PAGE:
The LeBron James sweepstakes are not over.
Chris Bosh and Dwyane Wade will be in Miami, and it is possible that James will join them (if Toronto will take on Michael Beasley’s contracts or if the big three are all willing to take a pay cut). But other teams are trying to provide an alternative.
That alternative is Carlos Boozer.
The Cavaliers, Bulls and Nets have all intensified negotiations with Boozer, according to Chad Ford. In large part that is to help lure LeBron to their cities.
If LeBron can’t go to Miami, he still wants to go to a place he can win (he’ll get the same max money at any city outside Cleveland). He has never had a true superstar running mate, such as a Pau Gasol for Kobe or the big three in Boston.
The New York Knicks can offer Amare Stoudemire. Not much else right now, but remember at the trade deadline last year LeBron was pushing Cleveland to trade for Stoudemire (they got Jamison instead).
The Bulls have Derrick Rose and Joakim Noah, but with Carlos Boozer in the fold that is a team that would be a contender instantly in the East with LeBron. Even without LeBron Boozer makes that team much better.
Cleveland has won the most games in the East two years running and with Boozer alongside LeBron they would be a contender. However they would need a sign-and-trade to get him out of Utah, and they would bring Boozer back to a city where he has been reviled after leaving them at the alter for Utah five years ago.
The Nets also have a nice young core that looks better with Boozer, and with LeBron would set a new record for biggest single-season turnaround ever.
None of that may matter. But nobody knows what is in LeBron’s mind right now, and the speed at which things have changed this off-season means another change could come. Or maybe two.
Russell Westbrook led a double-digit comeback in the final minutes of the fourth quarter. Been there done, that.
Westbrook hit a defining buzzer-beating 3-pointer. Been there done, that.
Westbrook posted a historic triple-double. Been there, done that.
All three in one game?
That’s a new level for Westbrook, who lifted the Thunder to a 114-106 win over the Magic tonight while posting an incredible stat line: 57 points, 13 rebounds and 11 assists.
James Harden scored 53 in a triple-double just this season, and Westbrook has already one-upped that record.
This MVP race is one for the ages.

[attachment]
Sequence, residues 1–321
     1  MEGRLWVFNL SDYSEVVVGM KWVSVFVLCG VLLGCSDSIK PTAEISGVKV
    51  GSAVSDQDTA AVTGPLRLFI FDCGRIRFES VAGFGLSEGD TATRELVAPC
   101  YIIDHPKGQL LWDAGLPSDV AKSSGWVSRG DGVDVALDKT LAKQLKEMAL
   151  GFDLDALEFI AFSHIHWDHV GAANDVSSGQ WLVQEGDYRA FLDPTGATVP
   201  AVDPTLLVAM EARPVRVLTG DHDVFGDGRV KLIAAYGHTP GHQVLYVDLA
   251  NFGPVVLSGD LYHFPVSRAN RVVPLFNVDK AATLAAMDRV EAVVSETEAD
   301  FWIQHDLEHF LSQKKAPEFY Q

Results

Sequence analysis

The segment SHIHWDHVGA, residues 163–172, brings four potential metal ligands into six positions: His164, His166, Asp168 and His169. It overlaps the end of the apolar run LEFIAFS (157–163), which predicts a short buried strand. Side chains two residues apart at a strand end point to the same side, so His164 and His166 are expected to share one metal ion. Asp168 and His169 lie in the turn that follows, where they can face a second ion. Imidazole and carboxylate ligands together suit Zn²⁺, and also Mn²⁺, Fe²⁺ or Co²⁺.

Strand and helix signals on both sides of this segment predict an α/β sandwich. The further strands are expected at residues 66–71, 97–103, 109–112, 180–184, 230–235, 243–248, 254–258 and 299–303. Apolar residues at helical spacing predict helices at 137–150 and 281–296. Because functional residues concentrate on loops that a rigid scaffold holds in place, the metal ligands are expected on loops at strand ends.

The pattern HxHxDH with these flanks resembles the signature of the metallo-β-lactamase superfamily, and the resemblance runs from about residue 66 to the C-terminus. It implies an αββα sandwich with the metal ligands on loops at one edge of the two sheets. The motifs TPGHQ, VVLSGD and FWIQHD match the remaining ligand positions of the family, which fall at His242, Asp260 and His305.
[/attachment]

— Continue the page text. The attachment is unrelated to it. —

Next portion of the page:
The Thunder trailed the Magic by 21 points in the second half and 14 points midway through the fourth quarter.
Russell Westbrook capped the incredible comeback with this 3-pointer to send the game to overtime.
This becoming the norm for Oklahoma City.
Paul George expressed extreme dismay after the Pacers’ loss to the Timberwolves last night — the latest cause for concern in Indiana with its biggest star just one season from free agency.
But perhaps George wouldn’t have sounded so disillusioned if that game featured correct officiating down the stretch.
Minnesota’s Kris Dunn got away with fouling Jeff Teague by disrupting the Pacers guard’s speed/quickness/balance rhythm with 21.6 seconds left, according to the NBA’s Last Two Minute Report:
Dunn (MIN) makes contact to Teague’s (IND) arm that affects his SQBR and causes him to lose control of the ball.
Because the Timberwolves were in the penalty, a correct would’ve sent Teague — who’s making 86% of his free throws this season and 84% for his career — to the line. He would’ve had two attempts to build on Indiana’s two-point lead.
Instead, he forced an off-balance shot, which Minnesota rebounded. Ricky Rubio drew a shooting foul on a 3-pointer on the other end, and his three free throws lifted the Timberwolves to a 115-114 win.
The two-minute report featured a few other missed calls: George getting away with pushing off then Wiggins getting away with fouling George on a possession where George missed anyway, Andrew Wiggins getting away with a travel on a possession where Minnesota turned the ball over anyway. But those were effectively wash’s. Dunn’s uncalled foul was the one of consequence — especially if it contributes, even in a small way, to George’s exit from the Pacers.
Edmond Sumner has grown about five inches since high school.
That has helped turn the 6-foot-5 Xavier point guard into an intriguing NBA prospect — but also seemingly contributed to physical complications. Sumner missed nearly all of his freshman year with knee tendinitis. Then, after a promising second season and start to his third, he tore his ACL in January.
Still, he’s entering the NBA draft.
Rick Broering of Musketeer Report:
Like with Duke’s Harry Giles, medical testing will be huge with Sumner. But at least Giles ended the season on the court. Sumner might not be healthy at all during the pre-draft process.
Sumner looked like a borderline first-round pick before the injury. This probably pushes him into the second round.
His long strides provide impressive speed and quickness, and he’s still shifty. Add quality court vision, and his ability to drive by defenders is even more valuable.
A 6-foot-8 wingspan and good lateral mobility also help make him a quality defender.
But it’s also concerning that so much of his positives could be undermined by his knee issues, especially considering his unreliable jumper. If Sumner can’t move like he did before getting hurt, I don’t see how he sticks in the NBA.
If Sumner’s knees check out, it’s worth rolling the dice on him and hoping his jumper develops. He might even be OK without shooting range, though that’d lower his ceiling considerably.
Again, though, the first thing is examining his knees.